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Cécile McLorin Salvant

About this Artist

Cécile McLorin Salvant, a 2020 MacArthur Fellow and three-time Grammy winner, is a multidisciplinary artist bringing historical perspective, a renewed sense of drama, and an enlightened musical understanding to songs that span genre and time period in addition to her own original compositions. Salvant is an eclectic curator, unearthing rarely recorded, forgotten songs with strong narratives, interesting power dynamics, unexpected twists, and humor. Classically trained, steeped in jazz, blues, and folk, and drawing from musical theater and vaudeville, Salvant embraces a wide-ranging repertoire that broadens the possibilities for live performance.

Salvant’s performances range from spare duets for voice and piano to instrumental trios to orchestral ensembles. Her unreleased work Ogresse is an ambitious long-form musical fable based on oral fairy tales from the 19th century that explores the nature of freedom and desire in a racialized, patriarchal world.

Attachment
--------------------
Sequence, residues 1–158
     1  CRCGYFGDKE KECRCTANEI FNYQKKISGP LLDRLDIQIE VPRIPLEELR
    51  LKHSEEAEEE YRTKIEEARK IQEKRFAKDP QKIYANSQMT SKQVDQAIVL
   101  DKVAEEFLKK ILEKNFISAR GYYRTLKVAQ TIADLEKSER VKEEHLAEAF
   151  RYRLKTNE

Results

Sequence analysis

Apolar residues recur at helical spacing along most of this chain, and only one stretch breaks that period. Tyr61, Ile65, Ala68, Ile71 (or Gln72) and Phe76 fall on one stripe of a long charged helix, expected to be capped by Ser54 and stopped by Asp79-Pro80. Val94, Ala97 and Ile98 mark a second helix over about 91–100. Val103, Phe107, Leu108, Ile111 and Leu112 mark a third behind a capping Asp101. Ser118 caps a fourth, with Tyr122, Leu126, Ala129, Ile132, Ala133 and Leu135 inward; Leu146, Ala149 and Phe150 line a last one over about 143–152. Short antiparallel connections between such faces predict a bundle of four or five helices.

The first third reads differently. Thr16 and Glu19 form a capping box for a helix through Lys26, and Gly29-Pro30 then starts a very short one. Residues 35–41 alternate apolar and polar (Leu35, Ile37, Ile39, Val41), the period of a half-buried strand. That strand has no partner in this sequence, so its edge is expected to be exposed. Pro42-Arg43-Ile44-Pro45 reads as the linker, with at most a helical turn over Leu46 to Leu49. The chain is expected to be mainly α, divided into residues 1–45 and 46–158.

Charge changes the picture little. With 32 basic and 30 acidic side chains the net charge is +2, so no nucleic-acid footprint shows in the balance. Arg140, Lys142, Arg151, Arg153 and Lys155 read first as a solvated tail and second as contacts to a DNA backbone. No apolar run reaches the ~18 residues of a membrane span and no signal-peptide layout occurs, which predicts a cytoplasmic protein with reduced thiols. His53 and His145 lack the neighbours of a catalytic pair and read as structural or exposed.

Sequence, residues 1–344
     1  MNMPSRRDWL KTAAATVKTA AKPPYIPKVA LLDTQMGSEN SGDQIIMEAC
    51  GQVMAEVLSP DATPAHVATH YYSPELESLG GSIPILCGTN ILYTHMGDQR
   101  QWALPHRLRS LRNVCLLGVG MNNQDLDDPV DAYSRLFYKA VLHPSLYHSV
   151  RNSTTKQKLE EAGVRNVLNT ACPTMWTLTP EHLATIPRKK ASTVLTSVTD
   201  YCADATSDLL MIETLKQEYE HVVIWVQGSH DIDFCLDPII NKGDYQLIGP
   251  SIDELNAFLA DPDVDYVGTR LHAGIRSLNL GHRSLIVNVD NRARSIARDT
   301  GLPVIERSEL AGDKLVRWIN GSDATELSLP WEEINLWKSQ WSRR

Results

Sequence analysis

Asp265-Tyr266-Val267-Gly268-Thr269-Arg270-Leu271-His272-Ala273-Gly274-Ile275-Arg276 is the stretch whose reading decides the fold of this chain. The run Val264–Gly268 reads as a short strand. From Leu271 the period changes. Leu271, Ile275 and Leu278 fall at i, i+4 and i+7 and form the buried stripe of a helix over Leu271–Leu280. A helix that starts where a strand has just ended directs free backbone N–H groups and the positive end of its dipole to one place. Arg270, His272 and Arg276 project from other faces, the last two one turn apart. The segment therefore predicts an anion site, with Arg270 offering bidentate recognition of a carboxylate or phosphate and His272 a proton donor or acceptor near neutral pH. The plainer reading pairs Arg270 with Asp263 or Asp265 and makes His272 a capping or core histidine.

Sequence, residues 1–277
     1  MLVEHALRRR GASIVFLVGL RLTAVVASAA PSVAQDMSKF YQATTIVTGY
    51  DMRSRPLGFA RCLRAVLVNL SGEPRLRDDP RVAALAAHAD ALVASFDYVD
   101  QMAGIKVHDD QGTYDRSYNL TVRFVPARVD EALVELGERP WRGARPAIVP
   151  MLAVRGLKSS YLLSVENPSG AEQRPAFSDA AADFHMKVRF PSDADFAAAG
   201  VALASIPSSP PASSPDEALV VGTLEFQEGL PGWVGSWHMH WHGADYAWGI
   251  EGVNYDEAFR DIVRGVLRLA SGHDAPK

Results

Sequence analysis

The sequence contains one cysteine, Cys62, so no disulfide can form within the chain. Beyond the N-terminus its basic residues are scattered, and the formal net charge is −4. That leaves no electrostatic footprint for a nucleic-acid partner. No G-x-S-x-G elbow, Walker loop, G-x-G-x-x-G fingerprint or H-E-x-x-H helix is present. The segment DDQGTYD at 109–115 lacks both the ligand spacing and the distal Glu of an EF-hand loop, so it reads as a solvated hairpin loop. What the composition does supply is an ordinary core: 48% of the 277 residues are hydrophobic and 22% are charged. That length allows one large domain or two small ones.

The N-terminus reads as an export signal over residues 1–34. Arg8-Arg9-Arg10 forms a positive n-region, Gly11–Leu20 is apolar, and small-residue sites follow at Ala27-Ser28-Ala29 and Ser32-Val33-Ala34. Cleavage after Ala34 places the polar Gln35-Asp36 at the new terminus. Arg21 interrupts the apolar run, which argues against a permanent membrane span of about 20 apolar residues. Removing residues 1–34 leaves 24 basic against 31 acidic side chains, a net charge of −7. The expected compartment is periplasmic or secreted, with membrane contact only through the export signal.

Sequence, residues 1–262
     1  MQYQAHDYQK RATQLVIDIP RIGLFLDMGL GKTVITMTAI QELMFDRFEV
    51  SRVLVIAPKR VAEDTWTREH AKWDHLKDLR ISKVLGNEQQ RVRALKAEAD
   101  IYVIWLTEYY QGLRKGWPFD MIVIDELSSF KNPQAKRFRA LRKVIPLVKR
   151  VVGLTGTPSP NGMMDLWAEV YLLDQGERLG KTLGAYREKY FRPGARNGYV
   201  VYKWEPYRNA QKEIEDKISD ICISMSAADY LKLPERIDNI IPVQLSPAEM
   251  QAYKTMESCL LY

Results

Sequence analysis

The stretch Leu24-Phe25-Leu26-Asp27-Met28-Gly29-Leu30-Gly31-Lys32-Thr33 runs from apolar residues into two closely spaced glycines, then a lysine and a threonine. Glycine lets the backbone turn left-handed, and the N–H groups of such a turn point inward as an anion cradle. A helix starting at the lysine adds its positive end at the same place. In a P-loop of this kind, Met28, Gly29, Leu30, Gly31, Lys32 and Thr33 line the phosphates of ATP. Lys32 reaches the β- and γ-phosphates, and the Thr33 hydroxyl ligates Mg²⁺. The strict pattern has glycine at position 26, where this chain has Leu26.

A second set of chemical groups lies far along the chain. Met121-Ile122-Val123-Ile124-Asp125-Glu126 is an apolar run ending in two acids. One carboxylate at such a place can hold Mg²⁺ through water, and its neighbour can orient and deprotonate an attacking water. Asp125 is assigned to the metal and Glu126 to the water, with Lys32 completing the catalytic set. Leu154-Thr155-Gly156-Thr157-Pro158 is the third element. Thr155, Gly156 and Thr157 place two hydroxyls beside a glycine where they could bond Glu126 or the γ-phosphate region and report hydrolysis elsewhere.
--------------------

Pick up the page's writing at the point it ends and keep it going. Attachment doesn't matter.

Salvant studied at the Université Pierre Mendès-France. She has performed at national and international venues and festivals such as the Newport Jazz Festival, the Monterey Jazz Festival, the Village Vanguard, and the Kennedy Center. Salvant is also a visual artist.

Her album Mélusine was released in March 2023 on Nonesuch Records. Mélusine features a mix of five originals and interpretations of nine songs, dating as far back as the 12th century, sung mostly in French along with Occitan, English, and Haitian Kreyòl. Mélusine follows her 2022 label debut Ghost Song, both of which received two Grammy nominations and tremendous critical praise, including spots on year-end best album lists from The New York Times and NPR.

Salvant, whose parents are French and Haitian, says Mélusine is also “partly about that feeling of being a hybrid, a mixture of different cultures, which I’ve experienced not only as the American-born child of two first-generation immigrants, but as someone raised in a family that is racially mixed, from several different countries, with different languages spoken in the home.”